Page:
7. Another classic of course, is Miracle on 34th Street. There have been a couple of these done since the 1947 original starring Edmund Gwenn, Maureen O’Hara, John Payne, and a wee Natalie Wood. 1994’s offering with Sir Richard Attenborough, Elizabeth Perkins, Dylan McDermott, and Mara Wilson had an attractive and somewhat talented cast, but didn’t give me the sense of wonder and awe that the original did.
I vaguely remember an effort in 1973 with Sebastian Cabot in the Kris Kringle role. I am pretty sure I liked it – but something about that ’47 original was pure. I’ll never forget that thrill when Mr. Gailey the lawyer flooded the courtroom with sack after sack of ‘Letters to Santa’. I guess the fact that I was watching it for the first time in a new crush’s dorm room might have made it seem even more special.
8. I’ve never seen this on anyone’s favorite Holiday viewing list, but We’re No Angels from 1955 is super. Humphrey Bogart is one of a trio of escaped convicts from Devil’s Island who take refuge in a nearby general store. Peter Ustinov and Aldo Ray are his comrades, and the three of them need to forge some papers to continue their escape, so the store is a convenient place to pick up a few supplies ‘on credit’ and perhaps work a con or two on the shop owner and his family before leaving town. However, as the convicts begin to realize that a relative is already swindling the shop owner, they decide to help them out, giving them an unforgettable Christmas, angels or no angels.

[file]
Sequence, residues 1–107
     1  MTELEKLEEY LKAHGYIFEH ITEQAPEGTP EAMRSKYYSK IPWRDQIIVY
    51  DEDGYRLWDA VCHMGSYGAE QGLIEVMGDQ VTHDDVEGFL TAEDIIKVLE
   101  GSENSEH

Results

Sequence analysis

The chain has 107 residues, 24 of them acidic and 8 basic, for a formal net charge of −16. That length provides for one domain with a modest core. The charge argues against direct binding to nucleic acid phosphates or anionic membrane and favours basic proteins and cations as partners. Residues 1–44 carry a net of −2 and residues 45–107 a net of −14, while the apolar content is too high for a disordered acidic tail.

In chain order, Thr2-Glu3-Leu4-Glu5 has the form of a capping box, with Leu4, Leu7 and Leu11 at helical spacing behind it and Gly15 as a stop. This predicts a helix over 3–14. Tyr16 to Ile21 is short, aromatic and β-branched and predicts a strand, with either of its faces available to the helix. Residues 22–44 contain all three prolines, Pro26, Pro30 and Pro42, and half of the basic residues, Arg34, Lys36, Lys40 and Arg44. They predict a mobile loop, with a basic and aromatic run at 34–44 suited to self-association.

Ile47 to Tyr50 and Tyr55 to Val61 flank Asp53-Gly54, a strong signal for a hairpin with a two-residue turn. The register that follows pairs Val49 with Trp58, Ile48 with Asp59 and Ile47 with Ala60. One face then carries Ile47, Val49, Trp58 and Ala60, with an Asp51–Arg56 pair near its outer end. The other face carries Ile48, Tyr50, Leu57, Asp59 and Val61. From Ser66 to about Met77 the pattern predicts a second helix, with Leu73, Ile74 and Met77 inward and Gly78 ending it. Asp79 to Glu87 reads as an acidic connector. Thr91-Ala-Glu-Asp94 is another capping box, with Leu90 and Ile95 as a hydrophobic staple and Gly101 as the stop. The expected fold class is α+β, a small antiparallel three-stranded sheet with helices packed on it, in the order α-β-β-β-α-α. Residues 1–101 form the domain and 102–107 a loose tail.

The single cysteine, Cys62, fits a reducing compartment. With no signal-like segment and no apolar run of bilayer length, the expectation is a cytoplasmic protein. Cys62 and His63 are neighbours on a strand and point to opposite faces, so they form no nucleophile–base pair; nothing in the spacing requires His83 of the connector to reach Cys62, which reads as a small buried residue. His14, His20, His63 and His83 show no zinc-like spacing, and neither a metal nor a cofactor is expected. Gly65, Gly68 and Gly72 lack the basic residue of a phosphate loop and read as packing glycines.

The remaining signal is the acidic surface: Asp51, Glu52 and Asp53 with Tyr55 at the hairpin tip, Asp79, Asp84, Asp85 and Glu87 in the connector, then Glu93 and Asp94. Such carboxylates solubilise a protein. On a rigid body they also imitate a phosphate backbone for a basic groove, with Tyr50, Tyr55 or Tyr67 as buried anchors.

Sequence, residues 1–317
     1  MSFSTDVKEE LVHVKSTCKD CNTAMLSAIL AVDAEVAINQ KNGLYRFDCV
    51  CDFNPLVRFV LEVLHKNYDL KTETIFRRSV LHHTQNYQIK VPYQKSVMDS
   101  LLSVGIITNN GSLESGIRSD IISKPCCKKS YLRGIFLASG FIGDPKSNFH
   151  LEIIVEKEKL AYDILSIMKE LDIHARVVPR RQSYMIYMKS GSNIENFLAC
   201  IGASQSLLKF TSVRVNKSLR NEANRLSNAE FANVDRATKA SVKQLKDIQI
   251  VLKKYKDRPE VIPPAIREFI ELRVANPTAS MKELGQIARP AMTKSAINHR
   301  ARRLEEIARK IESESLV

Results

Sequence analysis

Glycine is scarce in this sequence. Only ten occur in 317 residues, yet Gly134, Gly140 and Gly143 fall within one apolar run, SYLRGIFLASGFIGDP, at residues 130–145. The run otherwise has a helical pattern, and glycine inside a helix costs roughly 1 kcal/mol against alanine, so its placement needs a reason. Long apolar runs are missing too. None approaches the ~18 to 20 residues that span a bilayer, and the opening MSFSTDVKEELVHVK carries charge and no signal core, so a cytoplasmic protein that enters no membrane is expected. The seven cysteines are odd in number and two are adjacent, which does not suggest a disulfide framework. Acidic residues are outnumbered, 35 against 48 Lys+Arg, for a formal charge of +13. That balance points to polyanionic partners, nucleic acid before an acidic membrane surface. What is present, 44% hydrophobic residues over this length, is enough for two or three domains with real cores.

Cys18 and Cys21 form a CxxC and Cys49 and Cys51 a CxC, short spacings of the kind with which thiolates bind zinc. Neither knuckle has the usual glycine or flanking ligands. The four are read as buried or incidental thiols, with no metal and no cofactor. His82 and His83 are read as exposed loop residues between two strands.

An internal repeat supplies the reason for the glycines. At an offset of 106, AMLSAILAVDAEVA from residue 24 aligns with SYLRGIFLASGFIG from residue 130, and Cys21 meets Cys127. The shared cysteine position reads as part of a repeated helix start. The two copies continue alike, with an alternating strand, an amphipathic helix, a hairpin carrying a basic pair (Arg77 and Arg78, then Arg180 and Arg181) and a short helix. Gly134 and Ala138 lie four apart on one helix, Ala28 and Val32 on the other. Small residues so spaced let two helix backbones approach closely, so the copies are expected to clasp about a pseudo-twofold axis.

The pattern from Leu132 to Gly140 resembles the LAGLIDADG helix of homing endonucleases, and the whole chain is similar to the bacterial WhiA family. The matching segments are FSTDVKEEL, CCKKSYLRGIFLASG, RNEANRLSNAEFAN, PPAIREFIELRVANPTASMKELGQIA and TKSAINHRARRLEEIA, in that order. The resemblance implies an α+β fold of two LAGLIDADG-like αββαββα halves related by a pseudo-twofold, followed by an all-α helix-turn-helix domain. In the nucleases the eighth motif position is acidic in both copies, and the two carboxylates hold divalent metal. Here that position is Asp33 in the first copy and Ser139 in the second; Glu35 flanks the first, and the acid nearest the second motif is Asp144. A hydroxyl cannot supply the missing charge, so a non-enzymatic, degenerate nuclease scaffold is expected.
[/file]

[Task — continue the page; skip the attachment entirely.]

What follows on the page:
9. Romance flicks are not for everyone, and when they are combined with Christmas, tend to get a bit too treacly. But Love Actually is a great exception to that rule. Not just one simple ‘boy meets girl and they might fancy each other’ story, Love Actually is a celebration of all kinds of emotions and relationships. True romantic love, painful unrequited love, illicit love, puppy love, and even pure idealized lust are woven together as a group of Londoners make their way through the holiday season.
I daresay one need not be an Anglophile to enjoy the film, but it doesn’t hurt. Even when it portrays the American President (Billy Bob Thornton) in a poor light, us Yanks cheer anyway. And the soundtrack is lovely, as is the cast (Emma Thompson, Liam Neeson, Hugh Grant, Colin Firth, Kiera Knightley, Alan Rickman, Laura Linney, and Bill Nighy).